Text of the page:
Irritable bowel syndrome (IBS) is an intestinal disorder causing pain in the belly, gas, bloating, cramping, diarrhea, and constipation. Up to 1 in 5 Americans have chronic IBS with symptoms lasting for years or a lifetime.
The cause of IBS is unknown and the symptoms can be quite variable from person to person. There can be a variety of factors playing a role in this unrelenting intestinal disorder.
In order to understand IBS, it’s important to understand the workings of the intestinal tract. The walls of the intestines are lined with layers of muscle that contract and relax in a coordinated rhythm as they move food from the stomach through your intestinal tract to your rectum. In IBS, the contractions may be stronger and last longer than normal, causing symptoms of pain, gas, bloating, and diarrhea. Or if the intestinal contractions are weak, this slows down the passage of food and can lead to hard, dry stools.
Your diet and food choices can be a major player in helping reduce and relive IBS symptoms. Here are 12 strategies that may help to minimize symptoms:
1. Include probiotics
Consuming food sources containing probiotics such as yogurt, kefir, sauerkraut or sourdough bread may help symptoms. Probiotic supplements are also worth a try – try Align, Culturelle, and VSL#3.
2. Include fiber
One of the best ways to relive constipation is to add more fiber. Consuming more fruits, vegetables, whole grains and beans can be a start to meeting your daily fiber needs of at least 25 grams a day. Ask your healthcare provider for advice on fiber supplements or try Psyllium husk as it has good efficacy for IBS.
3. Stay active
Regular physically activity from walking to yoga to bicycling can reduce symptoms of IBS and promote regularity.
4. Follow a low FODMAP diet
Between 70-75% of people with IBS who follow a low FODMAP diet experience symptom relief. FODMAP (fermentable oligo-di-monosaccharides and polyols) are carbohydrates (sugars) found in foods. Not all carbohydrates are considered FODMAPs. Follow the guidance of a registered dietitian in using a FODMAP diet to see if you truly FODMAP sensitive.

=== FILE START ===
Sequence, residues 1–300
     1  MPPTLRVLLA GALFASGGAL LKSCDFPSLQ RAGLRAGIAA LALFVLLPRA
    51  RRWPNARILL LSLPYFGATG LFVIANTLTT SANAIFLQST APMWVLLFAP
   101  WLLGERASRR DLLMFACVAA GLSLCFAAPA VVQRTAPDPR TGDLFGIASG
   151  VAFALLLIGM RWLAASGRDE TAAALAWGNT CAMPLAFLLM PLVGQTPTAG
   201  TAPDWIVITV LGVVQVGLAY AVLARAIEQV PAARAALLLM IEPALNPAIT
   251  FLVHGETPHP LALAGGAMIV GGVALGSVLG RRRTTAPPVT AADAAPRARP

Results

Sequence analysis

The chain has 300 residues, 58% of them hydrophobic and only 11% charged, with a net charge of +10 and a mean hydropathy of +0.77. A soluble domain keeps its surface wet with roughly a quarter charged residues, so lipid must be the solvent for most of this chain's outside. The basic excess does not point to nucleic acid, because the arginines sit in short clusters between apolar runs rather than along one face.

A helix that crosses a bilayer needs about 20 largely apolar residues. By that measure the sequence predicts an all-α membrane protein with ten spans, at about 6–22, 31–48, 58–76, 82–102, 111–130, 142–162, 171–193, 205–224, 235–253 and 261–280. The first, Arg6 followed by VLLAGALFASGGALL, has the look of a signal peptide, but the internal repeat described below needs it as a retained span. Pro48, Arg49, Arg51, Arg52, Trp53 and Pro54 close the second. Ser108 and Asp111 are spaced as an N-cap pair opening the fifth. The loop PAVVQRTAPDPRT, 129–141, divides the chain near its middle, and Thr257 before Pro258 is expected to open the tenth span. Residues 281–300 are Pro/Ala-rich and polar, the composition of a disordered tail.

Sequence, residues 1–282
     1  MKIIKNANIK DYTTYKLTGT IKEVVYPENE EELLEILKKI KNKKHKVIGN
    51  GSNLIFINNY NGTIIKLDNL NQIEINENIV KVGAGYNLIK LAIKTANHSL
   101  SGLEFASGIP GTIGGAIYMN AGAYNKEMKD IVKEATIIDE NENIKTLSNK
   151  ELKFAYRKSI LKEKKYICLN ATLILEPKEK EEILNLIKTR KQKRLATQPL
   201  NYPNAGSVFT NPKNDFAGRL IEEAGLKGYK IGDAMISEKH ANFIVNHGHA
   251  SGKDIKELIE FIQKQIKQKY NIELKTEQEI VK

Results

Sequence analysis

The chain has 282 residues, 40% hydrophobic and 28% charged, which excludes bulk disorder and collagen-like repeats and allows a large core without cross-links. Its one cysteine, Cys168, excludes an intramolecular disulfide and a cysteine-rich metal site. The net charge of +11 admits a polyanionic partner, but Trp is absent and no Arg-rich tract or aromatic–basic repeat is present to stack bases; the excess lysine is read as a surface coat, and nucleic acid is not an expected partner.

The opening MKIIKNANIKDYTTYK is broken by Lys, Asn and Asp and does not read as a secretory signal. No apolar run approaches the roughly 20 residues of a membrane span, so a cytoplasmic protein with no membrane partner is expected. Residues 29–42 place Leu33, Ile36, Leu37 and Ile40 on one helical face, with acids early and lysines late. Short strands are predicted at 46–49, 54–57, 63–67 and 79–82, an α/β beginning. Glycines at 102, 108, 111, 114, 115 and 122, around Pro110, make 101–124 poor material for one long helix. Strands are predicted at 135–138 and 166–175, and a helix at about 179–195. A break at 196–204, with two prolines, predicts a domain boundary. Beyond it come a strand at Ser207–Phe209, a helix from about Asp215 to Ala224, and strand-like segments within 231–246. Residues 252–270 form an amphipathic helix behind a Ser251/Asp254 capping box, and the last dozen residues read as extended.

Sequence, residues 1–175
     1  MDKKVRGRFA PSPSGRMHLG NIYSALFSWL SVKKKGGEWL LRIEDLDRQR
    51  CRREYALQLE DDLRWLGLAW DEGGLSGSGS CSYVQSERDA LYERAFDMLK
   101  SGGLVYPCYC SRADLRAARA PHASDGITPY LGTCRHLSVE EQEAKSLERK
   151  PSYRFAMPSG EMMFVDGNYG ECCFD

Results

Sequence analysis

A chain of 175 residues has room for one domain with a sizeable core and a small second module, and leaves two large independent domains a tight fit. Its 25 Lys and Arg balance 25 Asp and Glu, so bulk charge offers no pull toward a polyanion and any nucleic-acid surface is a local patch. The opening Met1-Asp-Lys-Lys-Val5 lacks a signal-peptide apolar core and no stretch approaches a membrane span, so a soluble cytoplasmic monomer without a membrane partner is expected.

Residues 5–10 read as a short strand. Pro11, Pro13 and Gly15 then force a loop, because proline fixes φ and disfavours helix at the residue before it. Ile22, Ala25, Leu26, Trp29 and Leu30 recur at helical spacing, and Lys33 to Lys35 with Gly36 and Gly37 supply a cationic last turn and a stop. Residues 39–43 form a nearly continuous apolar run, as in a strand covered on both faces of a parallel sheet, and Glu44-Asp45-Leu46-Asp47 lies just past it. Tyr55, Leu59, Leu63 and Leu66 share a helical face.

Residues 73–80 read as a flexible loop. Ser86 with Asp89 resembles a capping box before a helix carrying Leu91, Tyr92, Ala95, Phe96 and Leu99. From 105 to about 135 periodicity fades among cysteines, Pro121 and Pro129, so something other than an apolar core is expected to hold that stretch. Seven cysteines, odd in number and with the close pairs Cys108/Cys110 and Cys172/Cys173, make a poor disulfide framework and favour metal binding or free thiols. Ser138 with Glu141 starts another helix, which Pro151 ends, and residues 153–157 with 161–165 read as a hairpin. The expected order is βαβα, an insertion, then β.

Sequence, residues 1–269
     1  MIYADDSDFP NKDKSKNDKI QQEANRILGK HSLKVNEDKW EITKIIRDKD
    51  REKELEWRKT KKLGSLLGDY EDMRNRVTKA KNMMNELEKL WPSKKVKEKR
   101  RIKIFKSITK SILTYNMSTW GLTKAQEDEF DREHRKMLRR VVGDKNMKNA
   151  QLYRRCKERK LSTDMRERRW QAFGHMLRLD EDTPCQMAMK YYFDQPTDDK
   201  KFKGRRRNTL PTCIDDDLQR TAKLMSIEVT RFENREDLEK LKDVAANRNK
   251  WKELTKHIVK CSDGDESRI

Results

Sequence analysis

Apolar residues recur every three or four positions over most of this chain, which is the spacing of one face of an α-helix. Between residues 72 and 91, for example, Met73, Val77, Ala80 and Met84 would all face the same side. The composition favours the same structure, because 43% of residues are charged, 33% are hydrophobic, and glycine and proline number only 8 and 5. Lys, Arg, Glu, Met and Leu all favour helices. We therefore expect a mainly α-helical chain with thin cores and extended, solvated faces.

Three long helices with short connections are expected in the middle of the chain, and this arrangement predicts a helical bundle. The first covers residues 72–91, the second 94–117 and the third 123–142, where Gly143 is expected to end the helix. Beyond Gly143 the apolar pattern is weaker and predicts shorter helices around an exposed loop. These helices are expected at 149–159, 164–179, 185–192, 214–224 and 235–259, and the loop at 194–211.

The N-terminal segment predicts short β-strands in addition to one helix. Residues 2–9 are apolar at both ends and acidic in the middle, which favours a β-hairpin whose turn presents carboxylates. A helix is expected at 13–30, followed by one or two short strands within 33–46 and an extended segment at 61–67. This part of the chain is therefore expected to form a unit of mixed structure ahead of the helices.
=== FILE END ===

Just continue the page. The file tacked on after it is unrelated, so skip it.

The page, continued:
5. Treat diarrhea
Diarrhea may also be helped following a low FODMAP diet. If diarrhea is severe, your physician may prescribe either an antibiotic (rifaximin) or bile acid sequestrants in case the diarrhea is due to a bacterial infection or over-production of bile.
6. Treat nausea with ginger tea
Find relief from nausea by drinking tea made with fresh ginger root which aids stomach emptying.
7. For pain, try peppermint oil
If pain is a problem, try enteric-coated peppermint oil (one capsule contains 0.2 ml) to help relax the smooth muscle in the intestine dulling the pain. Any reflux sufferers need to be careful using this as peppermint oil may worsen that issue.
8. Treat bloating
For bloating try the clinically proven herbal medicine called Iberogast which helps movement of the intestinal tract.
9. Eat at regular times
Avoid skipping meals and try to eat at about the same time each day. This helps regulate your bowel movements.
10. Drink plenty of liquids
Drink sufficient fluids each day (at least 6 to 8 cups a day) preferably water. Alcohol and beverages containing caffeine stimulate your intestines and can make diarrhea worse, and carbonated beverages cause gas.
11. Take care with dairy products
People with lactose intolerance should substitute yogurt for milk. Or use an enzyme product to help break down lactose. Consuming smaller amounts of milk or combining them with other foods also may help. Make sure you are obtaining enough protein, calcium, and B vitamins from other food sources.
12. Avoid problem foods
Oftentimes, people figure out which foods trigger IBS symptoms and simply avoid those foods. These may include alcohol, chocolate, caffeinated beverages such as coffee and sodas, medications that contain caffeine, dairy products, and sugar-free sweeteners such as sorbitol and mannitol.